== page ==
Immersion heaters are convenient small appliances that can boil water on the go for tea, coffee and instant soup. Immersion heaters can also be larger for specific uses such as in an aquarium or water tank. Travel immersion heaters are compact tools that are versatile for travelling and use in an RV. Basic immersion heaters can hang on the side of a mug or pot to boil water; other immersion heaters have thermostats to control the temperature or to shut off when a target temperature is reached. Immersion heaters generate heat through electrical coils or oil-filled tubes, so care should be taken to appropriately cool the appliance to prevent cracks in the heating element.
Place the immersion heater in your container by hanging it over the lip (side) on the inside of the mug or pot.
Fill the container to the designated level on your immersion heater (do not submerge the heater and make sure the coils are not exposed to air). Fill the second container with water and set aside (this is your holding container).
Plug your immersion heater into the power outlet. Monitor the contents of the container for boiling over the sides and for overheating (i.e., boiling dry). When the liquid is hot, unplug the immersion heater from the outlet and wait a few minutes before transferring the immersion heater to the holding container to cool off.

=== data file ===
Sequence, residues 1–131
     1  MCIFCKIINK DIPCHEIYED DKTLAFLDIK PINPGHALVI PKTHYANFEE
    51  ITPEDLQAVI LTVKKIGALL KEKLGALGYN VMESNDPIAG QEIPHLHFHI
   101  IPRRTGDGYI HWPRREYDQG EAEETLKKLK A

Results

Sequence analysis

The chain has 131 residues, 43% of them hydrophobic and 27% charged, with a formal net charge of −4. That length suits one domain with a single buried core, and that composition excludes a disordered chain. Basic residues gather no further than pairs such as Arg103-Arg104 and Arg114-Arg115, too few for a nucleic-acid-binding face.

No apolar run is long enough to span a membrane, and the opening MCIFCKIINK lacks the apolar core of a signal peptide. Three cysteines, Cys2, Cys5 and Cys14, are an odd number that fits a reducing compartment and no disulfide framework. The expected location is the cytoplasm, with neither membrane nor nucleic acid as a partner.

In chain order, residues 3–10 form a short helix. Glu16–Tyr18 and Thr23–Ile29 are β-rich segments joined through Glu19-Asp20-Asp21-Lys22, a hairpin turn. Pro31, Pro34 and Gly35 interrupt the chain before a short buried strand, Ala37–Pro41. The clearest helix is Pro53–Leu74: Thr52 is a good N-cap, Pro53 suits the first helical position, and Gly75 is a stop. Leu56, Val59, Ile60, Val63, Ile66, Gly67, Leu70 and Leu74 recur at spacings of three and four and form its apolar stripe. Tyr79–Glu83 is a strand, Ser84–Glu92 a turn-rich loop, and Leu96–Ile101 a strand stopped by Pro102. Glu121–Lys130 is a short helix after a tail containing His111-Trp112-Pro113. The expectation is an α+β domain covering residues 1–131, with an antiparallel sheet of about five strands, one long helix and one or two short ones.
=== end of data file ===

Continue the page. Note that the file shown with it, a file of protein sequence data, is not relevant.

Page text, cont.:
Pour your hot water into your instant soup cup or add tea, coffee or hot chocolate as desired.
Keep an immersion heater in your motor home or family trip kit to prepare tea or instant snacks without a microwave.
Do not use a plastic, paper or styrofoam container that can melt or burn when in contact with the immersion heater or hot liquids. Be sure to immerse your heater to the level indicated in your manufacturer's instructions. Do not completely submerge your immersion heater in liquid (unless it specified by the manufacturer). Do not let your immersion heater boil the liquid dry. Never leave your immersion heater unattended to avoid a fire hazard. Do not touch a hot immersion heater or lay it down on a surface before it has cooled.